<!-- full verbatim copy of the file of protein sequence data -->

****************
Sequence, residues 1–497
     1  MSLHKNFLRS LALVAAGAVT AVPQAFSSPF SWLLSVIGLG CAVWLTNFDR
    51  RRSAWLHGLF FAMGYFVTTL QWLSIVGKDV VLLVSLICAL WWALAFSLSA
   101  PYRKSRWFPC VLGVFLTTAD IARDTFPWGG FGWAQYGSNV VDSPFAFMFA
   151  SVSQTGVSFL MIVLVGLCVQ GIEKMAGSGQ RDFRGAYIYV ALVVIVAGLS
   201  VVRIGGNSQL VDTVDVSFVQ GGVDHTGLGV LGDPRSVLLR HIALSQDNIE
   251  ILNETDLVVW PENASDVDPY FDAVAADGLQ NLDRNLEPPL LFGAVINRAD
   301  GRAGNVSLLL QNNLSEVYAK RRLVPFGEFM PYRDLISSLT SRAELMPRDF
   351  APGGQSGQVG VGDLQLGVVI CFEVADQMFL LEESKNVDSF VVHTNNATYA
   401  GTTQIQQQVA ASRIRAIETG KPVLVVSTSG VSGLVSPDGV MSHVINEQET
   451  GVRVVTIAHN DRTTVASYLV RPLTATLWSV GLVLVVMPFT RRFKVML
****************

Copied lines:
Sequence, residues 1–497
     1  MSLHKNFLRS LALVAAGAVT AVPQAFSSPF SWLLSVIGLG CAVWLTNFDR
    51  RRSAWLHGLF FAMGYFVTTL QWLSIVGKDV VLLVSLICAL WWALAFSLSA
   101  PYRKSRWFPC VLGVFLTTAD IARDTFPWGG FGWAQYGSNV VDSPFAFMFA
   151  SVSQTGVSFL MIVLVGLCVQ GIEKMAGSGQ RDFRGAYIYV ALVVIVAGLS
   201  VVRIGGNSQL VDTVDVSFVQ GGVDHTGLGV LGDPRSVLLR HIALSQDNIE
   251  ILNETDLVVW PENASDVDPY FDAVAADGLQ NLDRNLEPPL LFGAVINRAD
   301  GRAGNVSLLL QNNLSEVYAK RRLVPFGEFM PYRDLISSLT SRAELMPRDF
   351  APGGQSGQVG VGDLQLGVVI CFEVADQMFL LEESKNVDSF VVHTNNATYA
   401  GTTQIQQQVA ASRIRAIETG KPVLVVSTSG VSGLVSPDGV MSHVINEQET
   451  GVRVVTIAHN DRTTVASYLV RPLTATLWSV GLVLVVMPFT RRFKVML